Ace Ghanaian broadcaster, Gilbert Abeiku Aggrey aka Abeiku Santana of OK FM, has expressed his displeasure at the kind of analysis and remarks, some so-called entertainment critics and analysts spew on radio.
Despite being an entertainer, Abeiku Santana rarely or does not share his thoughts publicly on entertainment platforms – radio or TV. Asked why, he said “well now I’m doing. You see, I don’t because I’m not interested in the ‘noise’ going on because the industry is not well organized. We like PR in this country too much than the work itself!
Everybody is talking and blaming each other whilst the actual things to be done are there – left abandoned! I’m not interested in the public talking! I believe in action! Some of those who call themselves entertainment analysts and critics don’t even understand nor have in-depth knowledge about what they say or the things they criticize!” Unfortunately, he failed to mention just one of those art critics who don’t know jack but are allowed to speak on air.
Abeiku also took a swipe at politicians – You may read: (List of Ghanaian Politicians who have failed the creative arts woefully)
Positing, “All of them! Successive governments in this country have failed the art industry woefully! The State does not value creative arts! I have travelled to African countries like Tanzania, Egypt, South Africa, and others and they are all supported by their governments!
“For instance, in South Africa, the State has policies and laws that require companies to annually budget for the creative art industry. The laws and policies enjoin them (companies) to identify their areas of interest in the creative art industry and fund and produce annual reports for audit!
“Not here that you have to write sponsorship proposals and hop from one company to the other begging for sponsorship. Our governments have not helped us over the years!”
Asked why the government should make the creative art industry one of its priority areas, he explained: “Fantastic question! The government should because, art defines us. We can sell Ghana with our art and culture. Let me tell you one thing we are losing sight of, the kids we are teaching ICT, Marketing, Accounting, HR, etc. are now not interested in all those courses!
“We are wasting our monies and time. It’s time to refocus attention on talent or careers driven by talent. Now the kids are learning music, dancing, and creative art at the elementary level. Every child or human being has got a talent.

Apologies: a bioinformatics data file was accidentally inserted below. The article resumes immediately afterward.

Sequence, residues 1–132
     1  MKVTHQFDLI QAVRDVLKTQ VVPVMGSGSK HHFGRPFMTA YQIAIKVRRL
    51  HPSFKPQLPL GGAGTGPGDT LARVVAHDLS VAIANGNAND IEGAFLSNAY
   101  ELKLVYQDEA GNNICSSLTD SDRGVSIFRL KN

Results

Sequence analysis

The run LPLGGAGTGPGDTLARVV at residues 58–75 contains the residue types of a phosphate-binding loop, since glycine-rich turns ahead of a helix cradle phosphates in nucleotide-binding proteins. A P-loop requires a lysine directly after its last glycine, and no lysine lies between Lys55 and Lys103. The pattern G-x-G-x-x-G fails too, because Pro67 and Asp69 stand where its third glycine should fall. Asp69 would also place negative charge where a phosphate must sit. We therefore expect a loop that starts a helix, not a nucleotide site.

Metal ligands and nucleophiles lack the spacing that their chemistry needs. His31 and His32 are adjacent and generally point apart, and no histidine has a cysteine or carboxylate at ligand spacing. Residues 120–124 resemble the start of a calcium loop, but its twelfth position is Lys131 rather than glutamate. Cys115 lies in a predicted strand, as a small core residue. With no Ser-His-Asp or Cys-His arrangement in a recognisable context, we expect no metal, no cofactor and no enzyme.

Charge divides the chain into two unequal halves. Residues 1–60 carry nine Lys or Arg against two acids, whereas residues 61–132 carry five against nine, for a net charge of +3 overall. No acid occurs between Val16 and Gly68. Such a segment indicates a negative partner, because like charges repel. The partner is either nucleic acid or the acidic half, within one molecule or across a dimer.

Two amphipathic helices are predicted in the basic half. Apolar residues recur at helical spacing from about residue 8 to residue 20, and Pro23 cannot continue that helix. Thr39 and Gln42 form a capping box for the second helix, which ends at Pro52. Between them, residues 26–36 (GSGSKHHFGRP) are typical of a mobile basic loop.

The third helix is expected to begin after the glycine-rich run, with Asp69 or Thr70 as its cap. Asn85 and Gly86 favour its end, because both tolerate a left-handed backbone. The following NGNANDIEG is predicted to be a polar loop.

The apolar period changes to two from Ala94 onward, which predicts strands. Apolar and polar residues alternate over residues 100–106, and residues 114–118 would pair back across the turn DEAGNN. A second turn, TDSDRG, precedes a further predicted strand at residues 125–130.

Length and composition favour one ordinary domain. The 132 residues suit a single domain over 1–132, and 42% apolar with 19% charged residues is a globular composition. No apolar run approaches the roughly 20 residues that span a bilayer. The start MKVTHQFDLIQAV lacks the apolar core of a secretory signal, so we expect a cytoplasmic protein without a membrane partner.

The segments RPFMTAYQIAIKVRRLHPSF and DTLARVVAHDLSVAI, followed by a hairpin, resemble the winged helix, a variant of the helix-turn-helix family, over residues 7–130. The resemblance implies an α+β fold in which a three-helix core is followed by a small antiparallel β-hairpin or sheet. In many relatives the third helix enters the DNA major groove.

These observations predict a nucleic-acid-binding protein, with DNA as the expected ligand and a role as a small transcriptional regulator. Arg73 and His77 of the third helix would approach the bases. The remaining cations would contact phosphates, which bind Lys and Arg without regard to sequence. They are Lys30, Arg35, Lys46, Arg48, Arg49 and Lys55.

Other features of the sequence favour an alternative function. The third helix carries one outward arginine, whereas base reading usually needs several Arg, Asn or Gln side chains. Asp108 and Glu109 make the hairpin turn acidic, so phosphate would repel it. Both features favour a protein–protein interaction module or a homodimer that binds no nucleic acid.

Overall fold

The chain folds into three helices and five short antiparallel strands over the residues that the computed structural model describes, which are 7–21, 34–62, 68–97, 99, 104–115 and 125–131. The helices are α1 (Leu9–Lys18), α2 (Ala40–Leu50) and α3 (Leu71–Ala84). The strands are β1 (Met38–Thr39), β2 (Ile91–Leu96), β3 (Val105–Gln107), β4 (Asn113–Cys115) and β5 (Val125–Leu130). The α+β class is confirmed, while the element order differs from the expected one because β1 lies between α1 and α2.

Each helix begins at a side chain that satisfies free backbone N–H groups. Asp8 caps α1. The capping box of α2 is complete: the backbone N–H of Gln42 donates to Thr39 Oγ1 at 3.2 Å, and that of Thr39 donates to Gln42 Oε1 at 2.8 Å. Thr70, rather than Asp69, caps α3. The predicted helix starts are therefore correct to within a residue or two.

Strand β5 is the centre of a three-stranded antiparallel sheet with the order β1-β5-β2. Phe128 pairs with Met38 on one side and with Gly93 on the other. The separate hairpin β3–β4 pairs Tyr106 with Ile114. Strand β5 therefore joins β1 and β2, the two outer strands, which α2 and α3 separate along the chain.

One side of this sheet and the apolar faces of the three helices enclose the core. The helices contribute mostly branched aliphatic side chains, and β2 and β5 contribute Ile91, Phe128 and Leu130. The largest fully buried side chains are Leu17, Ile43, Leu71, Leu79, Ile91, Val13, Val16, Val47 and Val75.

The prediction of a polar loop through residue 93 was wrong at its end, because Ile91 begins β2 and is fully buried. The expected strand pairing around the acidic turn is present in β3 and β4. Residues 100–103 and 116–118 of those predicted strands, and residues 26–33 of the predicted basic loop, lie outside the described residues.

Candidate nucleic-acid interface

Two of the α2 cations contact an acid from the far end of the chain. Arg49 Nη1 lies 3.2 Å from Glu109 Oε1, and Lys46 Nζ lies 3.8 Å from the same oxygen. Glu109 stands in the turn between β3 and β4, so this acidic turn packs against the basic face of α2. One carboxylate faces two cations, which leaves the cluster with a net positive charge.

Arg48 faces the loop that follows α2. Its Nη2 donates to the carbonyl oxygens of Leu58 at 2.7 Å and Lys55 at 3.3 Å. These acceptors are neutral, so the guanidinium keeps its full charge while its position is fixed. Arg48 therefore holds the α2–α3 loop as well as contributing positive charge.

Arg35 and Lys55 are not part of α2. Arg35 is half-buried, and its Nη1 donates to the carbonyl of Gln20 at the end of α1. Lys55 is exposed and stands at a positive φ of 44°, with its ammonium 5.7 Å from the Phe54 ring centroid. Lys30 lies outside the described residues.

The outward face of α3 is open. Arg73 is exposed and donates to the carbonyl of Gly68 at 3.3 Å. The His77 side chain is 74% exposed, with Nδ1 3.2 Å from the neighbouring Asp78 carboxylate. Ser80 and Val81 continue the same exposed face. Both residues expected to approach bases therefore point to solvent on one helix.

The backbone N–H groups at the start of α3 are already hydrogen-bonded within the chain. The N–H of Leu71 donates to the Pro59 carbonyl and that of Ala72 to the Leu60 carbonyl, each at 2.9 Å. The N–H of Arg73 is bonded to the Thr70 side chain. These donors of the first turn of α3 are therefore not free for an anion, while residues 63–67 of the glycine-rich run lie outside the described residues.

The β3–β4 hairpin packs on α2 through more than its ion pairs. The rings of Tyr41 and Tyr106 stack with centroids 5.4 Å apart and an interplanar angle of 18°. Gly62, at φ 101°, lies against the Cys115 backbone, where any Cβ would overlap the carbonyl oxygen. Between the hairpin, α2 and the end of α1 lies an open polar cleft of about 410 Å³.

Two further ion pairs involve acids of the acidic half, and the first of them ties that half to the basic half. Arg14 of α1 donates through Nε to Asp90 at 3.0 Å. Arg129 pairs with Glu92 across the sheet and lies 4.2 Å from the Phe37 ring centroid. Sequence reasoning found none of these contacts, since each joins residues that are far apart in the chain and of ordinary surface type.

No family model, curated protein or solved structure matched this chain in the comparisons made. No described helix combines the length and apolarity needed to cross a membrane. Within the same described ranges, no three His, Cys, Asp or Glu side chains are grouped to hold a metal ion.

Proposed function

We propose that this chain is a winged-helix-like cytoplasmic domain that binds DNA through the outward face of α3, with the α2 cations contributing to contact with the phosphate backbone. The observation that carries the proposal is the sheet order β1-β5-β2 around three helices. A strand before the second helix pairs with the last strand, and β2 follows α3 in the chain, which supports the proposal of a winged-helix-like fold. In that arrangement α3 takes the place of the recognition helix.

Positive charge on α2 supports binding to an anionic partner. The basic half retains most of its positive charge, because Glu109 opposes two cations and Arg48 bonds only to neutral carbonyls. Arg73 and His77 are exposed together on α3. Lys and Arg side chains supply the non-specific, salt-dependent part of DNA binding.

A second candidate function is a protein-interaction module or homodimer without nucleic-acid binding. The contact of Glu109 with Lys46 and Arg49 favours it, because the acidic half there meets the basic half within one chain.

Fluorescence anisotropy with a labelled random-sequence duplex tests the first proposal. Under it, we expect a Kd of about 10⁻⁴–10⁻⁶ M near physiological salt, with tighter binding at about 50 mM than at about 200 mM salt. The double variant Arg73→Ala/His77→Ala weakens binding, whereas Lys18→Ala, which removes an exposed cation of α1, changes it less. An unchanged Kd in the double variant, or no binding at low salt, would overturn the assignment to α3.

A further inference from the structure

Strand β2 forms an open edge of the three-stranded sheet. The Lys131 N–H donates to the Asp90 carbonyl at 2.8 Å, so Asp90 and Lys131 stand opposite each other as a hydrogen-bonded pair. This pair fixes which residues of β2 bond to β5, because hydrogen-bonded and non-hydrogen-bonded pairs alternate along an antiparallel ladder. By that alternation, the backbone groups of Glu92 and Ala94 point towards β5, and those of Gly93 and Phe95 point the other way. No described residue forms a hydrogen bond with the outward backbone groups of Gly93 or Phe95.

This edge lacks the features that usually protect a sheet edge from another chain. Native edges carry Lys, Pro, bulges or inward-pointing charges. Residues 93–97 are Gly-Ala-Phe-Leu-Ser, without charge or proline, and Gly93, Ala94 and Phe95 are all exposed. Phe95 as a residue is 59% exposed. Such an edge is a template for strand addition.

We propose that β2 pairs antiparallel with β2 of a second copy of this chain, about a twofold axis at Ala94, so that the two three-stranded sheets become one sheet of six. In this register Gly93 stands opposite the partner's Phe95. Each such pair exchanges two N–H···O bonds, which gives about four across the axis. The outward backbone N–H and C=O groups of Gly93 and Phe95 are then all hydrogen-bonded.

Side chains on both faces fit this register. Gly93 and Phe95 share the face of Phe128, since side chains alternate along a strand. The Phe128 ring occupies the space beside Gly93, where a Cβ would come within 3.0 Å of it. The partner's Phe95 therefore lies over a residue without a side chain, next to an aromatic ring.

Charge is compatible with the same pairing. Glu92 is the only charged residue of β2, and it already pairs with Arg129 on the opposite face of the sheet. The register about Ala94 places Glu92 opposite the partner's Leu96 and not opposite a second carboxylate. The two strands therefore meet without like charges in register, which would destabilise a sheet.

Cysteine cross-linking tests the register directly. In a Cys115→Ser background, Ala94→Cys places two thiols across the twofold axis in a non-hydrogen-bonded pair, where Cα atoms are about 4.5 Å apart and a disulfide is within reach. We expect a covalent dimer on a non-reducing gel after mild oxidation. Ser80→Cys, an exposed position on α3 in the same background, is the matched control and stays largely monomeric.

“By the time these children reach JHS, the talent has already started manifesting. They then transit it to the secondary school so after their SHS education, they are no longer interested in going to the university. Go and check when Sarkodie started rapping, in JHS or SHS!
“Also, the creative art industry is now the fastest growing industry in the whole world. It’s the largest employer. In 2013, the service industry of which is dominated with arts, contributed 32% to Ghana’s GDP; after all our mining, oil, agriculture and whatever. Thirty two percent is huge! So what excuse does the government have for not prioritizing the creative arts industry?
To him, the industry is ‘sick’ because, “first, there is no institution or regulatory body that is organizing, controlling, coordinating, and planning the industry. Everybody is doing his or her own thing. Secondly, there is no advancement or progressive career path for the creative art industry.
“Let me explain well. For instance, in the area of medicine, there is continuity; you can do post-graduate in medicine. Also, in the area of law, there is continuous learning; you can go on and further do LLM and even specialize in a particular field in law.
“In the area of art, we don’t! There is no such designed advanced career path, so we make the stars for a while and after sometime you (stars or celebrities) are off! Today, where are our old stars? You will go and see them doing nothing because there is no career progression! They are wasting all their long years of experience, talent and knowledge at home. It’s very sad.”
Finally, Abeiku expressed indifference at the future of Ghana’s creative art or showbiz industry. “The future is undefined. We don’t know where we are going and so we are not preparing for it. Until we realize this, I will only say our future is undefined. We don’t know where it is going. It’s sad.”
Abeiku Santana made all the above revelations in an exclusive interview with Exclusive Men’s Magazine – of which, he is now the cover man. You may grab a copy and read more on what he shared on openly endorsing candidate Mahama in the 2012 presidential polls, how he got into radio, how he reacts to scandals, and others. Until then…MOTWUM!!